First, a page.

During 2019 I’ve really embraced taking part in blog tours for books and I’ve hugely enjoyed it, it feels really good to be tiny part of the publicity and promotion for an author and to feel like I might in some small way have contributed to their sales 🙂

At this point, I would like to offer very genuine and heartfelt thanks to those who have welcomed me into their reviewers fold:

Damp Pebbles Blog Tours – got to start with Emma and Damp Pebbles as this was the first blog tour I joined and I have read some fabulous books thanks to Emma and the excellent service she offers to authors and reviewers.

Tony Marturano – next I move to Tony who introduced me to the fascinating and hugely exciting world of being invited to join a readers panel with a view to being an early reader to provide honest feedback intended help shape the editing process prior to publication. I was honoured to be able to this for Tony with his own books and also with Eye for Eye by J K Franko.

Book on the Bright Side Publicity – then there is the lovely Sarah from BOTBS who again I have taken part in some brilliant tours with and is super lovely to deal with too.

R&R Book Tours – now the lovely Shannon from R&R tours… Not only do I get to discover new books with her but she sends me MAGIC content that is all whizzy and HTML codey wizardry!

Random Things Tours – the most recent sign up for me is with the lovely Anne from Random Things Tours. Anne is great to deal with and super organised – thanks again for letting me take part.

Last but by no means least, I have also done a couple of reviews with Mirror Books and have a couple more lined up for the New Year. They are also great to work with and have some really exciting publications.

Also a nod to NetGalley, I absolutely love NetGalley!

So again, huge thanks to you all.

Now to Pros and Cons

I’ll start with cons as then they are out of the way. It can, at times, feel pressured. It can, sometimes, feel as though you are reading to meet a deadline rather than reading for enjoyment. There will be times when you don’t like the book. You will need to be clear and strong with your own opinions – without damaging the tour. You will need to be organised and meet the commitments you have made in terms of reviews – people are relying on you to publish on the right date. Never ever do it for the ‘free’ books, they aren’t free, think about the cost of your time!

Phew, now, on to the pros! So many positive aspects here, you get to read some amazing books – for me personally I’ve read books that I would probably not have ever encountered and a lot of them have been brilliant! You get to make connections with other people who love books 🙂 it’s a beautiful thing giving someone a book recommendation and then getting a tweet in a couple of weeks time to say they loved it. Reading an advance copy of a book for a nerd like me is exquisite! And, for me, the best thing is knowing that I’ve helped an author or made them smile when I can honestly say ‘I loved your book’.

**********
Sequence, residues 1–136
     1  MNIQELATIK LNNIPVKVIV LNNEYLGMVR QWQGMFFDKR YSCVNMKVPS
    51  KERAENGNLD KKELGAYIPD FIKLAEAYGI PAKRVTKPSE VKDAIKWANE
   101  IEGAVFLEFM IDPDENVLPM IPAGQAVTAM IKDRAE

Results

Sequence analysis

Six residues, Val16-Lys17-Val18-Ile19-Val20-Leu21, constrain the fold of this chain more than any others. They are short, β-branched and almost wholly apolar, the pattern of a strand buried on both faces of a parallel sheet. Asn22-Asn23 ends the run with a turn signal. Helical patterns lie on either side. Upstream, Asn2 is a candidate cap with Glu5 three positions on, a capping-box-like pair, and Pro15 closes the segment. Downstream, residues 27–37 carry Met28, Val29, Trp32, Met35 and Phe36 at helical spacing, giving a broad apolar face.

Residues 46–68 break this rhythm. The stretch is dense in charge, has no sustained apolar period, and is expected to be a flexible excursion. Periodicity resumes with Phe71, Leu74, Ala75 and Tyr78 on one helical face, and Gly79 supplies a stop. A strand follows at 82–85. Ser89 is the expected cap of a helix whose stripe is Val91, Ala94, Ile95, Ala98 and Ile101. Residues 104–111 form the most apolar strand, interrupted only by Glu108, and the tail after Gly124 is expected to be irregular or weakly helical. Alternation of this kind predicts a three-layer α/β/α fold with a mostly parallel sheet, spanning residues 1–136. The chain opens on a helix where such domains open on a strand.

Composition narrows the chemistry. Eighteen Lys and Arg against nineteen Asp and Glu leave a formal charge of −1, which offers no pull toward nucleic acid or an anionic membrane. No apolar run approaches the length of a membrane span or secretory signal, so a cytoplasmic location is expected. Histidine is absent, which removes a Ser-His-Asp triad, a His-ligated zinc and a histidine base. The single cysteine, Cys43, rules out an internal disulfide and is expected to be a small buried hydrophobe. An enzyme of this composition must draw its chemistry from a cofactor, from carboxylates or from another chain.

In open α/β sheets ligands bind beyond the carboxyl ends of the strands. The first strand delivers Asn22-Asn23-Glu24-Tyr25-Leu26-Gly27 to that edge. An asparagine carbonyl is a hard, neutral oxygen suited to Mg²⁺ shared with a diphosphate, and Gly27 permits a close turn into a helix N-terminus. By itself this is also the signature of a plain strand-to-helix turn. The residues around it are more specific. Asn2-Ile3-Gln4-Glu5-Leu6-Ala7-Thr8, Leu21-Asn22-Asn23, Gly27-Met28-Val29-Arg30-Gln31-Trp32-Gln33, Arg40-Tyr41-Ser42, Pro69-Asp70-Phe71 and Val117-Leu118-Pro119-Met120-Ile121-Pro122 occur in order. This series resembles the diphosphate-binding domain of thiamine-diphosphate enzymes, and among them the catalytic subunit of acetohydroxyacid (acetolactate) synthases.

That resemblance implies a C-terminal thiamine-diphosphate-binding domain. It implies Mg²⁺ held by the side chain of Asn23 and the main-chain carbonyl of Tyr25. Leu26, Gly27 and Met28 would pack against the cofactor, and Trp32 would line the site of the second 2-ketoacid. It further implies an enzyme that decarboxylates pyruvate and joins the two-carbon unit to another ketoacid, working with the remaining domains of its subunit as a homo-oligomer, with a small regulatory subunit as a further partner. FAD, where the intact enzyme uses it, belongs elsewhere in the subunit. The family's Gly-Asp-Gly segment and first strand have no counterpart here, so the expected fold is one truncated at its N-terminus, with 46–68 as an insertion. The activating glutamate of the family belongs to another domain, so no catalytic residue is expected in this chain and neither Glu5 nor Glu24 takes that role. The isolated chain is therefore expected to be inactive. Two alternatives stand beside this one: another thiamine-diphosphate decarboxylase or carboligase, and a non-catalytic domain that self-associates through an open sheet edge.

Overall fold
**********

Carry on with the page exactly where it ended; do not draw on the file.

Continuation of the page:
So thank you all once again and I look forward to reading and reviewing many more fabulous books in 2020.

Lisa x

Remain Silent by Susie Steiner

4 Stars from me

There is a simple beauty within these pages – among the chaotic debris of Manon’s life, and the depravity, abuse, racism, squalor and disappointment in the story – that is found within the relationship based narrative. It is so acutely observed, so raw, so natural and so accurate. A truly wonderful and unexpected delight. The way Susie Steiner has captured the relationships and emotions is quite brilliant.

DS Manon Bradshaw is a great character, she leads us unflinchingly through every aspect of this book and she shares a lot along the way.

There is an uncomfortable truth in this story as the thread of the abuse of immigrants is all too close to home. The inhumane way in which these men are treated was captured perfectly and highlights a sad truth within our society.

I really enjoyed the setting of the book too as it is reasonably local to me which I guess made me connect with the book virtually from page one – ‘oooh I’ve walked through that park where the dead guy was hanging…’

I very much enjoyed this book although was saddened to read in the authors notes at the end of her own ill health. It made for very humbling reading and I hope that treatment is going well.

Synopsis: Newly married and navigating life with a toddler as well as her adopted adolescent son, Manon Bradshaw is happy to be working part-time in the cold cases department of the Cambridgeshire police force, a job which allows her to “potter in, coffee in hand and log on for a spot of internet shopping – precisely what she had in mind when she thought of work-life balance.” But beneath the surface Manon is struggling with the day-to-day realities of what she assumed would be domestic bliss: fights about whose turn it is to clean the kitchen, the bewildering fatigue of having a young child in her forties, and the fact that she is going to couple’s counseling alone because her husband feels it would just be her complaining.